Totalitarian Governments In the real world and the hunger games

In most countries, people have basic human rights. In others, however, it is quite the opposite. These countries have what are called “totalitarian governments.” Totalitarian governments usually oppress their subjects and do whatever it takes to maintain absolute power. Countries such as the People’s Republic of Korea (popularly known as North Korea), Saudi Arabia, and Russia have totalitarian governments. Totalitarian governments are also a large feature in books such as The Hunger Games, by Suzanne Collins, and The Immortals, by Paul Stewart and Chris Riddell. These governments stay in power in a number of ways.
One way totalitarian governments stay in power is by controlling media. In The Hunger Games, the tyrannical Capitol only shows either major, mandatory-to-watch events or government-glorifying programs on television in many of the 12 Districts (Collins, 42). Books also show the Capitol in a not-so-honest light and vilify the rebellion of the then-13 Districts nearly a century before the book takes place (Collins, 42). In North Korea and Russia, only government programs are broadcasted on TV, which prevents people from finding out about other countries’ lifestyles, governments, and opinions, and thereby getting doubtful about how great their government really is (Ioffe) (United Nations Office of the High Commissioner for Human Rights).
Another way totalitarian governments stay in power is by limiting resources for people that are less loyal to them. In The Hunger Games, the Capitol keeps most of the money and gives the rest to the more loyal and useful of the 12 Districts (Collins, 59). In North Korea, only citizens with high songbun (the North Korean honor system) get decent amounts of high-quality food (United Nations Office of the High Commissioner for Human Rights). This also keeps the government in power by sowing hatred and jealousy for rich people among the less fortunate, which makes them less likely to band together and rebel. In The Immortals, the tyrant ruler Golderayce One-eye of the silent City of Night in Riverrise, the source of all life, is greedy and harsh as well. He keeps the life-giving water of Riverrise to himself (except for selling small, dirty amounts to citizens at high prices)(Stewart/Riddell, 453).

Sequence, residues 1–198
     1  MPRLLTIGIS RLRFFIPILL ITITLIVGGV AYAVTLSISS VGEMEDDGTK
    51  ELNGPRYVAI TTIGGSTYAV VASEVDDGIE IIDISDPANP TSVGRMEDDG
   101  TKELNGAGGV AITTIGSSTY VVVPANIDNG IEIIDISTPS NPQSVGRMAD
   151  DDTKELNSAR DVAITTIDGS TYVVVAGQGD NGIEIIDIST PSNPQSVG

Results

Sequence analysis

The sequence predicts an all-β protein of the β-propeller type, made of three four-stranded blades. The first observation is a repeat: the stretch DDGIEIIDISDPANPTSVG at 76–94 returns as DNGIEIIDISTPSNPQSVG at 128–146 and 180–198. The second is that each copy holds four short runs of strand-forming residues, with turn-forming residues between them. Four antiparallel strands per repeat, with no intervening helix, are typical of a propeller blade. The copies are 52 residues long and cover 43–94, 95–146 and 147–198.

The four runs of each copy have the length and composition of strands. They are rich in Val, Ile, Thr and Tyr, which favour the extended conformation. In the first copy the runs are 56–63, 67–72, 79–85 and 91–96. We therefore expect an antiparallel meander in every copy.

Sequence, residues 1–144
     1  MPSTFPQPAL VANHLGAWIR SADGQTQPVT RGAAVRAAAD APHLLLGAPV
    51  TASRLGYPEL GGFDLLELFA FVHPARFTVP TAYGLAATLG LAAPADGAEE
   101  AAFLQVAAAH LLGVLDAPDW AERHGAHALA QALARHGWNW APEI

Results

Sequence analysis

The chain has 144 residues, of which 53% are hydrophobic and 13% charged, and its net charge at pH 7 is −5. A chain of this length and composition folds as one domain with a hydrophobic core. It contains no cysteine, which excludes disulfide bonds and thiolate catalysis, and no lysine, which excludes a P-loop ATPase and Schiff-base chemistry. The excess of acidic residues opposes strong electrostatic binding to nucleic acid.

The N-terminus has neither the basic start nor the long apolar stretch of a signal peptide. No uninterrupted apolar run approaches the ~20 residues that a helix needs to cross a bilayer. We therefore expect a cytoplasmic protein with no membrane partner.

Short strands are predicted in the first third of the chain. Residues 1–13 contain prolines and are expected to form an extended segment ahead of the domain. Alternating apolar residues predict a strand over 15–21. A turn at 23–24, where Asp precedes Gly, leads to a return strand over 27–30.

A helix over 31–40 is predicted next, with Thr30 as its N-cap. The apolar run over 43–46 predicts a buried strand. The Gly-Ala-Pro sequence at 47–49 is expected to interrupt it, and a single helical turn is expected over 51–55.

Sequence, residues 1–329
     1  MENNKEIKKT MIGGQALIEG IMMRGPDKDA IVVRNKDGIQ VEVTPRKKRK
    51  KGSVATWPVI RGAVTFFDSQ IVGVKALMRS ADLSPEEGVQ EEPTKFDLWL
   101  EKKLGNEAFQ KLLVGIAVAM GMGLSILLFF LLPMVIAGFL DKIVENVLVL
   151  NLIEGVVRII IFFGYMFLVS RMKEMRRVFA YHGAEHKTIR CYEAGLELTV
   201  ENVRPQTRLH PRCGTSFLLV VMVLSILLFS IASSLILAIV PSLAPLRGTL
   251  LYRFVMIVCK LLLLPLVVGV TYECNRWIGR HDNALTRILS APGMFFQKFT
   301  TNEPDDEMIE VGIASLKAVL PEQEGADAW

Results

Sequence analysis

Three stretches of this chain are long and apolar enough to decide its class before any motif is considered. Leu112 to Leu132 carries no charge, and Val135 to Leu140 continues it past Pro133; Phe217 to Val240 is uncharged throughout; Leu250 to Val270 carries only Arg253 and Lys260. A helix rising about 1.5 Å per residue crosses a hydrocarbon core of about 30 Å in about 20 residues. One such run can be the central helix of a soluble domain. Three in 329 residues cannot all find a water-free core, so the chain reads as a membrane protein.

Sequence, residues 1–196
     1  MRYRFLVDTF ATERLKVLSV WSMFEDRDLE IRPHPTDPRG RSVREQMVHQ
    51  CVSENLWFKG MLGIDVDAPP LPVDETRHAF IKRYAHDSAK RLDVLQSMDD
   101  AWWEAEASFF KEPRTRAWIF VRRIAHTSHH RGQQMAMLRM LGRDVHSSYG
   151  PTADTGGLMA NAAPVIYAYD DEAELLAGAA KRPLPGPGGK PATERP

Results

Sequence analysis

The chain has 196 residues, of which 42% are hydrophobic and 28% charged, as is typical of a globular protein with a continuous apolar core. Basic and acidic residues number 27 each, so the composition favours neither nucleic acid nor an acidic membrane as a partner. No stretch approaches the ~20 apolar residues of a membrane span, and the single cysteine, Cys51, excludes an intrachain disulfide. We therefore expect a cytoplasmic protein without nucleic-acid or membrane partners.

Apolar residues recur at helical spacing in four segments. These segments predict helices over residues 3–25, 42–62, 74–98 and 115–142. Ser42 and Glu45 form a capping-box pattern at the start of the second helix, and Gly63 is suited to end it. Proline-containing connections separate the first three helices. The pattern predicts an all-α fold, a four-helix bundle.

A third way totalitarian governments stay in power is by showing just how powerful they really are. In The Hunger Games, the Capitol wiped out an entire District during the Dark Days of the revolution to show the others who was boss (Collins, 18). They also use harsh security forces--known as Peacekeepers--and the Hunger Games (similar to the ancient Roman gladiatorial games) as everlasting punishments (Collins, 18). North Korea shows its army often and uses the death penalty to keep citizens in check (United Nations Office of the High Commissioner for Human Rights). In Saudi Arabia, punishments are also very harsh. For example, the punishment for theft is the loss of your right hand, and if you rob someone and kill them in the process, you will be crucified. In The Immortals, anyone who does so much as thinks badly about Golderayce or his “custodians” is killed on the spot (Stewart/Riddell, 445).
Totalitarian governments use many methods to stay in power, like media control, limiting resources, and displays of power. They treasure power with as much passion as another person may cherish a diamond or a box of gold, and abuse it like their lives depend on it.

Works Cited

Ioffe, Julia. "Why Russia's Alternate History of Malaysia Airlines Flight 117 Matters." The New York Times Magazine (2015): n. pag. New York Times, 13 Oct. 2015. Web. 14 Oct. 2015.

Jones, James, prod. "The Secret State of North Korea." Frontline. PBS. 14 Jan. 2014. Television.

Collins, Suzanne. The Hunger Games. New York: Scholastic, 2009. Print.

Stewart, Paul, & Riddell, Chris. The Immortals. Oxford: David Fickling, 2009. Print.

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